Welcome to E 501. I’m happy to be here this morning; I hope you all are, too.
Just to make sure… this is E 501, Advanced Linear Algebra for Engineers. If you’re in the wrong place feel free to leave now and find the classroom you’re looking for. You’re welcome to stick around, of course, but if you need to go somewhere else, I won’t be offended.
I have a confession. Once when I gave that welcoming speech, every single person in the room got up and left. I thought it was some kind of joke. It turned out that I was the one in the wrong place. So I’m glad to see we’re all still here.
So… Let’s get started.
This is Advanced Linear Algebra for Engineers. Before we dive in, let me explain what that name means and give you a sense of how I think about this course.
I’m sure most if not all of you have studied linear algebra before. You probably had some in high school. You’ve worked with matrices and Gaussian elimination. You’ve certainly worked with basis vectors — the i, j, k that many of you as engineers have undoubtedly worked with in your physics and dynamics courses. We’ll be covering those things here. But we’re going to look at them from a different perspective. That’s the advanced part of this course. We’re not concerned so much with how to manipulate matrices and vectors to solve systems of equations, rather we’re going to study the fundamental principles that underlie it all.
But this is not a math class.
Most of you are graduate students in the College of Engineering, and this course will give you as engineers the mathematical foundations necessary for your engineering coursework and research and careers. Although we will discuss proofs of theorems, and although I will expect you to demonstrate some mastery of a few of what I consider important and representative proofs, this class is not exclusively about proofs. That’s the for engineers part of this course. It’s about getting a mature grounding in concepts that maybe you thought you already understood.
To be honest, mathematicians will tell you that there is no way to master the fundamentals without mastering the proofs. And in some ways they are right. Still, this is an engineering course, and we obviously have a slightly different view.
We’ll start with concepts that are undoubtedly familiar: vectors and systems of linear equations and Gaussian elimination, but we’ll immediately step beyond those. We’ll study concepts like linear independence and spans and basis vectors, concepts which you might have encountered. But here we will dig much more deeply than I suspect you have before. And we’ll work with concepts that are probably new like homomorphisms and null spaces and duals and functionals. If you stick with me, you’ll get a much, much more solid understanding of not only what these things mean (I mean, what they really mean) but also how they relate.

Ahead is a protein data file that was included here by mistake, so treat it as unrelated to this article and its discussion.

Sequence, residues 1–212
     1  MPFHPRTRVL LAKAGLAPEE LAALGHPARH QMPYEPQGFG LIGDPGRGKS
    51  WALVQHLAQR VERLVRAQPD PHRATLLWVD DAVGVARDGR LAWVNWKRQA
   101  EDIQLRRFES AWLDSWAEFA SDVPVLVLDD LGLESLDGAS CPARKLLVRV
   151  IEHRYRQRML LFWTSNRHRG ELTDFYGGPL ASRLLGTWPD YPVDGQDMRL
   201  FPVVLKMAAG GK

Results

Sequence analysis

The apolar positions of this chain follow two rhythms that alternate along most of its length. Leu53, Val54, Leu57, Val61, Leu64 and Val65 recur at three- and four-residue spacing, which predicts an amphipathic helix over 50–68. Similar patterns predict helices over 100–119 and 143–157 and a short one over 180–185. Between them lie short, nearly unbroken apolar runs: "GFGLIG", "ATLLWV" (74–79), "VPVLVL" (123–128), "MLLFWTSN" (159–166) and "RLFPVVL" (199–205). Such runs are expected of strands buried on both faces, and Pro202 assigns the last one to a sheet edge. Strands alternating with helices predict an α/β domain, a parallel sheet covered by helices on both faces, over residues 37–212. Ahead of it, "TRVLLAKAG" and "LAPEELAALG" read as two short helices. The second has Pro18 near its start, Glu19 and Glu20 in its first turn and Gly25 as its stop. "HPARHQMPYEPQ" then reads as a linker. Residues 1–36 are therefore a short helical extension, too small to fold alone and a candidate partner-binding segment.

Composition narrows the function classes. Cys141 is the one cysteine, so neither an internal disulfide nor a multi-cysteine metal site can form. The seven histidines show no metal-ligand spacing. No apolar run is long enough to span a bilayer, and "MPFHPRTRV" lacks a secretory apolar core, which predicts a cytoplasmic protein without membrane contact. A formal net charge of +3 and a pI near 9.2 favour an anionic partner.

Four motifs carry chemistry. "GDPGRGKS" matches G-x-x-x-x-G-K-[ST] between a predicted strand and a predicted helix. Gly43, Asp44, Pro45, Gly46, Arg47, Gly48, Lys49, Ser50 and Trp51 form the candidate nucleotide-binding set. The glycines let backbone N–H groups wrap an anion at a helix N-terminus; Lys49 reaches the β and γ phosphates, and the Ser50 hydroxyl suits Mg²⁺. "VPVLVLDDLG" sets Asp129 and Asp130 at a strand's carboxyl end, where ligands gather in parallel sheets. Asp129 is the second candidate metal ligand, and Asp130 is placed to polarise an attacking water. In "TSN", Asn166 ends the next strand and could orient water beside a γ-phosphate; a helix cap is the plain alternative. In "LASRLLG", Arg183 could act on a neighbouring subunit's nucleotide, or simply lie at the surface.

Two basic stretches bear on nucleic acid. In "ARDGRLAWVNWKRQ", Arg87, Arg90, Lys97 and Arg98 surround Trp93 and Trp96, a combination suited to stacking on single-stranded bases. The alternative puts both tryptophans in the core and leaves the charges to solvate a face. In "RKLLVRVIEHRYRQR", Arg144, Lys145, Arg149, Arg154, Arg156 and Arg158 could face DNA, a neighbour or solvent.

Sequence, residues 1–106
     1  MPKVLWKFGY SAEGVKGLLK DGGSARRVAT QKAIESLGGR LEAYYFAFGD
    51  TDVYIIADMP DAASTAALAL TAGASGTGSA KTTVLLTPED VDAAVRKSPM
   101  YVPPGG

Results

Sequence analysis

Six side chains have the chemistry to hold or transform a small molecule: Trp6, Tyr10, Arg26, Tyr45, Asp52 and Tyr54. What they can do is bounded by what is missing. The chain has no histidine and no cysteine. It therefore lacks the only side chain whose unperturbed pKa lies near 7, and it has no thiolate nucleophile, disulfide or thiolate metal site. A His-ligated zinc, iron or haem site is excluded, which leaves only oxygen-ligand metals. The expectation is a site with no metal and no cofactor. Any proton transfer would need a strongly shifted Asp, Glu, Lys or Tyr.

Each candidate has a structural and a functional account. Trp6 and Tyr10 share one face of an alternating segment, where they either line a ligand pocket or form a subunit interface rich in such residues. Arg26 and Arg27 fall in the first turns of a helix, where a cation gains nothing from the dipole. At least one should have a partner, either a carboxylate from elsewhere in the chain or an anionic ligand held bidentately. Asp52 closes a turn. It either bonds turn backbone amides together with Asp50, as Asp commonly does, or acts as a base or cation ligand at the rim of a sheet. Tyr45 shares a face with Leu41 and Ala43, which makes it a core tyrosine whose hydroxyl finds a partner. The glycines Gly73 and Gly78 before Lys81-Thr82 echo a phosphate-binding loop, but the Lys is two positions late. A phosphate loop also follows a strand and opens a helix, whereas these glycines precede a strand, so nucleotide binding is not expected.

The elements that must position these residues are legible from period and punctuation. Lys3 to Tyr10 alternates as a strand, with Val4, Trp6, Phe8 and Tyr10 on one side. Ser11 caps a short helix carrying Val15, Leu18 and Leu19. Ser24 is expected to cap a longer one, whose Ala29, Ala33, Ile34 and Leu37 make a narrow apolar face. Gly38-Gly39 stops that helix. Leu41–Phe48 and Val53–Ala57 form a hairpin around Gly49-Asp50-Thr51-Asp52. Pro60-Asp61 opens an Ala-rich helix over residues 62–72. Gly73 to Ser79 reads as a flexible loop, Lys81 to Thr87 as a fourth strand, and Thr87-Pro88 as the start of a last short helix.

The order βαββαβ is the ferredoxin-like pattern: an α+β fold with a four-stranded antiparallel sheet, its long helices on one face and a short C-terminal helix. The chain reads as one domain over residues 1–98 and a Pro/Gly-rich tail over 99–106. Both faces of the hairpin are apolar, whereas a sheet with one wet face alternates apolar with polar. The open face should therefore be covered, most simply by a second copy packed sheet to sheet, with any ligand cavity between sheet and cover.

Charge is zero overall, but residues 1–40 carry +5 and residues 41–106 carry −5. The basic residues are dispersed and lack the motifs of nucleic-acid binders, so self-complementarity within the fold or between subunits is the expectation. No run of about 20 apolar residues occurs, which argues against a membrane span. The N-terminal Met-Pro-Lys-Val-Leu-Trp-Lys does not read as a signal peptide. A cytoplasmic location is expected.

I confess, this won’t be easy.
At every turn, you will be tempted to think that you understand after skimming over the material. And if you’re running short on time, that temptation will be easy to give in to. But don’t. Because to really master what we cover, you will need to do much more than skim.
Leave your undergrad days of cramming the night before behind you. You’re graduate students, now.
You need to immerse yourself in this. You need to let the concepts and their meanings (and yes, sometimes even proofs) wash over you until you begin to see everything as a single, unified whole rather than as a set of rules or procedures or algorithms. You need to bring a different attitude to mastering this material than you did to your undergraduate courses. This different attitude is what distinguishes graduate school from what came before. If you adopt this attitude, and if this deeper way becomes second nature to you, you will do well. And I will have done my job well.
So, welcome aboard! Let’s dig in! …